Shooting My Mouth Off

 

“NEW YORK (AP) — Walmart has ordered workers to remove video game signs and displays that depict violence from stores nationwide after 22 people died in a shooting at one of its Texas stores but will continue to sell guns. (Italics mine)

“Walmart will still sell the violent video games and hasnt made any changes to its gun sales policy, despite pressure from workers, politicians and activists to do so.”

Well, hip hooray for Walmart. I feel safer already. Thanks for standing up.

(smack forehead here)

What else can I say? Guns rule.

 

It’s Really Simple, You Guys

 

“Guns don’t kill people. People kill people.”

Yeah. With guns. 

Just curious, how many people do you think would have been killed this weekend in El Paso, Texas or Dayton, Ohio by bow and arrow, or machete, or knives, or anything other than guns?

How tough is this for you to get, gun lovers? Sure, people are responsible, and their actions are reprehensible, but their weapon of choice, over and over, is guns.

Or you, Congress? How many human lives is your continued impotence worth? I’d love for you all to travel to El Paso and Dayton, and explain to all the families who lost loved ones there why you can’t be more aggressive on gun control. I know that would go over really well.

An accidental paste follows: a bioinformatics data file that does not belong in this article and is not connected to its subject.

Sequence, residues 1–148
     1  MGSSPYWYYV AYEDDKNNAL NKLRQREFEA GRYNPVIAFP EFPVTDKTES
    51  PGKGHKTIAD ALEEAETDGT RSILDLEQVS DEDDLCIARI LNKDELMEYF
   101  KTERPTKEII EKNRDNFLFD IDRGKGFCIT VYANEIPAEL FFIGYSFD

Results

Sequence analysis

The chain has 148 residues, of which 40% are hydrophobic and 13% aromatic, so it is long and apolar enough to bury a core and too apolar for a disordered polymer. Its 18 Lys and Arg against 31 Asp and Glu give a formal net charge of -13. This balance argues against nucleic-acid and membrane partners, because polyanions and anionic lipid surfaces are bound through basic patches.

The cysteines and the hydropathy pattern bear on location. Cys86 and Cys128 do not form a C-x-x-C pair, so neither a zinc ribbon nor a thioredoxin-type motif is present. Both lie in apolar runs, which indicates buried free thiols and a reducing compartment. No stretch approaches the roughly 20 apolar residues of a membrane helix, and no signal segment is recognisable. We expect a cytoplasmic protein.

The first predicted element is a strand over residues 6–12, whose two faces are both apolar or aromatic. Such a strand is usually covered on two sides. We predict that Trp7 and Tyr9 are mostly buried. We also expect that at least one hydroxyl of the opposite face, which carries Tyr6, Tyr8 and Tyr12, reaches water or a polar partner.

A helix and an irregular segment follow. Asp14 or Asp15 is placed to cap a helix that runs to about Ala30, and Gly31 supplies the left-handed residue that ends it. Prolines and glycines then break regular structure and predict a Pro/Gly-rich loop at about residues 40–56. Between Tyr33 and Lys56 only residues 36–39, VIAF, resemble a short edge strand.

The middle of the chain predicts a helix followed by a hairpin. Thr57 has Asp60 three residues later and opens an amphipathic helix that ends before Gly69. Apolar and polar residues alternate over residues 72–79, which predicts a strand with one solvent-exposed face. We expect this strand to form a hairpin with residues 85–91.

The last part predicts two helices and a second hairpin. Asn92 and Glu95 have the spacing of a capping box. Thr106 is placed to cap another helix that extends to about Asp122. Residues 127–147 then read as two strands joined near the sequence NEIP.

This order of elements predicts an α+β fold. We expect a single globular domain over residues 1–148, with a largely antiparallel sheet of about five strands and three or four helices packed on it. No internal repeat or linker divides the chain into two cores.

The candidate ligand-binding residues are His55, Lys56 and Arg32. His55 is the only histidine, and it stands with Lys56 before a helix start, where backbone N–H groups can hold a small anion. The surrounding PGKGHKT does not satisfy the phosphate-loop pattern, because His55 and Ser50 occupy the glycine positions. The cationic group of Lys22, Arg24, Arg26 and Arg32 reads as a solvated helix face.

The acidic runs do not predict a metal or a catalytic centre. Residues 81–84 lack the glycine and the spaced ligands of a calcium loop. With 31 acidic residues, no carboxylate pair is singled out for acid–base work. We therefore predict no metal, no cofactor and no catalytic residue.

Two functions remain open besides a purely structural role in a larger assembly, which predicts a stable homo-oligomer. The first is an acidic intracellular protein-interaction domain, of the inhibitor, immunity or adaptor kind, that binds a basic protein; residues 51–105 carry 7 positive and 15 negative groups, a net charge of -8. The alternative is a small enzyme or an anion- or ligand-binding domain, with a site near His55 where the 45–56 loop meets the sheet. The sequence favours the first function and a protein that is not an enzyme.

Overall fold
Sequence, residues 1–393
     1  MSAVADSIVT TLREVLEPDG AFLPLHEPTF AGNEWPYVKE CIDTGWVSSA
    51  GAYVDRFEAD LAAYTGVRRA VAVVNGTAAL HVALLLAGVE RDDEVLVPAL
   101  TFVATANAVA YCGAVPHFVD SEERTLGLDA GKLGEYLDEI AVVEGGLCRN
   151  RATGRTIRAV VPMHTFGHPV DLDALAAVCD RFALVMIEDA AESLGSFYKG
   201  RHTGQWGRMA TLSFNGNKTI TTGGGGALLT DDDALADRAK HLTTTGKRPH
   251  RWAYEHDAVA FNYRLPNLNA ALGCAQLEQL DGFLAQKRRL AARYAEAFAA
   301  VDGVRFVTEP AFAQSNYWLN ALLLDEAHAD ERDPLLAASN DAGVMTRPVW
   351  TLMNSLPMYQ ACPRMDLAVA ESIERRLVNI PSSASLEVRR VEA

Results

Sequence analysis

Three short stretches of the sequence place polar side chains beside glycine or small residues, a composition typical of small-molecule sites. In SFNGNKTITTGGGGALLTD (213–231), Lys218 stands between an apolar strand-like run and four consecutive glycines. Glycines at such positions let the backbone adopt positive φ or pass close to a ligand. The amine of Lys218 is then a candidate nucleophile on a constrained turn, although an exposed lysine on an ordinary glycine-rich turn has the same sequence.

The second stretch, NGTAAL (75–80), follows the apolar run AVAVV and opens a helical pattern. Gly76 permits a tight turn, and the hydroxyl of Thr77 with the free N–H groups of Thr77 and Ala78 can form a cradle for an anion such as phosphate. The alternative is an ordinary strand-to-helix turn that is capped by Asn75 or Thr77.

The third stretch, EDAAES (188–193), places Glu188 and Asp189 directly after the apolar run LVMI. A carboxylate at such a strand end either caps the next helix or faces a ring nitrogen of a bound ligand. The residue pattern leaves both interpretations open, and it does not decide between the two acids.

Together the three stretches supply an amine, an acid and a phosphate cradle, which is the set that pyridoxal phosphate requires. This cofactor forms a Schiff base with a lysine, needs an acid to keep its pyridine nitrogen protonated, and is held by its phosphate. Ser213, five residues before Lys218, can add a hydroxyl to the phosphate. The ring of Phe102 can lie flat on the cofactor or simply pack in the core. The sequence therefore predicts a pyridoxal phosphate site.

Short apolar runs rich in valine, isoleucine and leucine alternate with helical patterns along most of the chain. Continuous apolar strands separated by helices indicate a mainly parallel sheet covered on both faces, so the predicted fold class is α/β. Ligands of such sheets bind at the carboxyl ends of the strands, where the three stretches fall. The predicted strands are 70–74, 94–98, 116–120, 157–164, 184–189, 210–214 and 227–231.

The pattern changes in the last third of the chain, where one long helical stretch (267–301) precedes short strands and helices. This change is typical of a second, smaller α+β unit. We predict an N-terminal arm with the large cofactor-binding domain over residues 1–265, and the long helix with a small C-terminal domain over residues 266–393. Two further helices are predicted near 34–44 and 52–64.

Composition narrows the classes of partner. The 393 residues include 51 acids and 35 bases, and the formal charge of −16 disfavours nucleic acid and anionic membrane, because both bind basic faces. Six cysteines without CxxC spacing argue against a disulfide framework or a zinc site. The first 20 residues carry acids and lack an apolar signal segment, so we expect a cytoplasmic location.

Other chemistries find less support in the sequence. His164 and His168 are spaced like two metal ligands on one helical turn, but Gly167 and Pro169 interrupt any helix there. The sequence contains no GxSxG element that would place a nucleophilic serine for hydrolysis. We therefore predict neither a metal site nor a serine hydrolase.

I am so f*****g fed up with people making excuses. There is no excuse for this endless parade of gun victims.

Yes, GUN victims. Killed by guns.

When, when, when will that sink in?

 

Oh, and I love how He Who Shall Remain Orange denounced the shootings this weekend, saying, “Hate has no place in our country.” More hypocritical words have never been spoken.

 

It’s Been a Year

 

Marjory Stoneman Douglas High School, Parkland, Florida.

It’s one of those places now that, just by mentioning its name, evokes vivid, horrifying images for us all.

One year ago today, that school lived its worst nightmare.

An eighteen-year-old former student showed up on campus with a semiautomatic rifle and shot seventeen people to death; fourteen of them, students.

Most of us can’t possibly imagine what that experience was like; to helplessly watch the surreal scene of a gunman randomly killing people, killing your friends. 

And you wait, paralyzed in utter shock and terror, for your turn.

Can you imagine?

And today, all the surviving students, teachers, families and members of the community who have lived with this horrific tragedy every day for the last year, will commemorate this anniversary by honoring the memory of those who were lost, and by renewing their commitment to putting an end to the senseless violence that forever changes the lives of all who are affected by it.

Which, incidentally, is all of us.

 

So then, let’s all honor the memory of those who died tragically a year ago. Let’s remind ourselves of how precious the people in our lives are, and how we need to let them know that every chance we get, because the time could come when we run out of chances.